Proofing bread is essential for making soft and fluffy bread. Allowing gas to raise bread dough takes a bit of time, but how long does it take for bread to rise? And does a no-rise bread exist? Well, let’s find out:
The short answer is there is no set time for bread to rise. The length of the rise is dependent on many things with the amount of yeast used and the temperature of the dough having the most impact. Bread dough typically takes around 1-4 hours to undergo its final rise, yet this can potentially be much longer in cooler conditions.
Bread dough usually undergoes two rises. The first otherwise known as the bulk fermentation stage develops dough maturity and flavour. In the second, or final rise, the gas is retained in the gluten structure which allows the bread to rise. For a more detailed answer, check the proofing bread page.
The CO2 gas that inflates the gluten matrix is provided by the yeast. The yeast supplies enzymes which break down the starch in the flour into simpler sugars. Yeast then consumes the sugars in the bread fermentation process to produce CO2 (among other products). Yeast operates best when it’s warm therefore, warming the dough or the dough’s proofing temperature speeds the rise similar to if more yeast was added to the recipe.
One of the hardest things to manage in bread baking is temperature. Room temperatures fluctuate with the weather and seasonality. They also rise when the oven is on, filling the kitchen with warm air. The best solution to create the perfect proofing environment is to get yourself a home proofing box like this one from Brod & Taylor:
With one, you are able to fine-tune the temperature of your proofing environment, making inconsistent rise times a thing of the past! Click to see the price on Amazon, or here to get the best price from the manufacturer. Other factors that speed up the rise, detailed in the proofing bread article include:
To give you an idea of how long it takes bread to rise in certain recipes, here is a simple table. As just mentioned there are more elements that impact the speed of the rise than this, so it’s better to learn how to tell when dough is done proofing, rather than relying solely on timing vs temperature.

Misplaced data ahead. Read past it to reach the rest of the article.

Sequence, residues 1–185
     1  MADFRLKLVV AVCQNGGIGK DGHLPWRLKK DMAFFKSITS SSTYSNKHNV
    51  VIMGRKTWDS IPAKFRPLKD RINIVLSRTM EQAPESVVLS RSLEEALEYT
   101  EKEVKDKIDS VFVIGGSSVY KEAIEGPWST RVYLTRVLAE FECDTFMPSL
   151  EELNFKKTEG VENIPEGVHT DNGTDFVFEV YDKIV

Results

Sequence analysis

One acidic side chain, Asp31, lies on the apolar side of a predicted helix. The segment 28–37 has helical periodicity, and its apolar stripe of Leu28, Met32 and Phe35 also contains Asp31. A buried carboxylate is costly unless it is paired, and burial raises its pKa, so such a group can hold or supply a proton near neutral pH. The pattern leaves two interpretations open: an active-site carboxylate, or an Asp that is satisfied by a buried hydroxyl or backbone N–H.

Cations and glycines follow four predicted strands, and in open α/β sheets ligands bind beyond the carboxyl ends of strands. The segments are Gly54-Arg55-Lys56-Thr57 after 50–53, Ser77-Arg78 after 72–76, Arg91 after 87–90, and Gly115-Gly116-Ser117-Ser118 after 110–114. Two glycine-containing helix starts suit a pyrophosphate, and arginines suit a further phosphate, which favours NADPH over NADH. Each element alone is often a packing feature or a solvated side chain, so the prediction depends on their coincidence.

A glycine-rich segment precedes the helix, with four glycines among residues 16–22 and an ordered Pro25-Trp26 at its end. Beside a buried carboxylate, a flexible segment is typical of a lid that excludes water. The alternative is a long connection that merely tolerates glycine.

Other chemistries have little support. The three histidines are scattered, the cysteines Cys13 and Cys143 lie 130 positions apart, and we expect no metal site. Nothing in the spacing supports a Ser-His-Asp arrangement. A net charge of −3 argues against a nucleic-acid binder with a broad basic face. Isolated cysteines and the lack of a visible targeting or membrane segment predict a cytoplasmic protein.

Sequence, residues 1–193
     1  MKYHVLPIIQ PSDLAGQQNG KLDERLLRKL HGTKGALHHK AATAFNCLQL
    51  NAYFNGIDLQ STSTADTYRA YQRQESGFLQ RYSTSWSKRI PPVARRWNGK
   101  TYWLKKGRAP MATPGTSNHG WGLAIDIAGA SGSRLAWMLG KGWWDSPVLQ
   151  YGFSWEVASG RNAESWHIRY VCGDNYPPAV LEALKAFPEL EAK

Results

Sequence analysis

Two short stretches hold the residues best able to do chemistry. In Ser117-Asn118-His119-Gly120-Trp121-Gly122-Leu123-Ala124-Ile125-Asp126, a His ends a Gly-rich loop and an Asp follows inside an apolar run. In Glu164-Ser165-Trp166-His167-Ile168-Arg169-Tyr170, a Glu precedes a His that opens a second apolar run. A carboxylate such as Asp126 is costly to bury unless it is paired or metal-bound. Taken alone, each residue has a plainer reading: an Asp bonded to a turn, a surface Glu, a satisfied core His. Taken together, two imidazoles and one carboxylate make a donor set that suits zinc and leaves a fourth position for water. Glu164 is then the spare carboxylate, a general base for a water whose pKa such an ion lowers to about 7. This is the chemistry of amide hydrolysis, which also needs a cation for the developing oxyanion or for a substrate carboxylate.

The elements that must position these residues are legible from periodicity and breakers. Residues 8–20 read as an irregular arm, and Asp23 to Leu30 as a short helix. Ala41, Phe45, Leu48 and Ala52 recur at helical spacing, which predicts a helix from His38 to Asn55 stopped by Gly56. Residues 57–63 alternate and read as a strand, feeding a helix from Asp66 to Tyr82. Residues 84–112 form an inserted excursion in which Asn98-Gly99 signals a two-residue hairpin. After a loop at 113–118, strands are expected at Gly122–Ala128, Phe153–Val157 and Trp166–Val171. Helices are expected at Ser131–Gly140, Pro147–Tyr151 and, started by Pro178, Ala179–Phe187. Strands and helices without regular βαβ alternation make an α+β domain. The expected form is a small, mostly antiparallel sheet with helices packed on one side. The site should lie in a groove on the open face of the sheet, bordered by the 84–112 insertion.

I’ve based the timings in this table on a bread recipe that has a 1-hour bulk fermentation before shaping, and a Desired Dough Temperature of 26C (79F). The desired dough temperature is the temperature of the dough once it finishes mixing.
*The yellow section is the area best suited for bread bakers except when retarding the dough in the fridge.
Tip: Active yeast quantities should be halved. For example, 2% fresh yeast is the equivalent of 1% Active dried yeast. See my yeast conversion table for more.
If you are in a hurry you can add more yeast to speed up the rise and produce a higher risen loaf. But this is not the best solution in many circumstances. A slowly risen bread dough benefits from more fermentation activity and gluten development. The dough maturity this provides will often enable the bread to rise even higher!
The most recognised way to tell when to end proofing is the poke test. This involves poking your finger into the dough and measuring how quickly it springs back when you remove your finger. The optimum time is around 3 seconds for it to spring back. Less than this and the dough is not done proofing yet.
You can also become familiar with the height that the bread rises in your baking vessel (loaf pan/banneton). Once you repeat the same dough weights in your tin you’ll be able to tell how when the bread is risen just by looking at it.
Placing bread dough in the refrigerator for its final rise is a popular choice for many bakers. The cool temperatures of most home fridges halts the action of the yeast and the enzymes that would supply it with sugars. Because of this, there is very little rising that occurs in the fridge, the process is otherwise known as retarding the dough.
When retarding, even though there is very little gas produced, starch continues to be broken down into sugars and organic acids populate. The resulting bread is often sweeter and more flavourful than otherwise.
This and the ability to prepare bread to bake the following day make proofing dough in the fridge a fantastic option for artisan and sourdough bread bakers. It’s also used for enriched doughs such as Brioche during the first rise as the cooler dough is easier to shape. If you are going to proof your dough in the fridge I suggest that you allow for some rising time at warmer temperatures.
For large loaves it’s best to proof till ½ -¾ proofed before placing them in the fridge.
For small rolls or baguettes retard right after shaping and proof them on the counter or a proofer until ready to bake.
Loaves need time to rise in order to populate the gas in the dough. There are bread types, such as Campaillou, that mature during bulk fermentation and are then divided and baked right away -with no final rise. Flatbreads such as pitta bread or tortillas can be made without any proofing at all but tend to benefit from some time to rest before baking.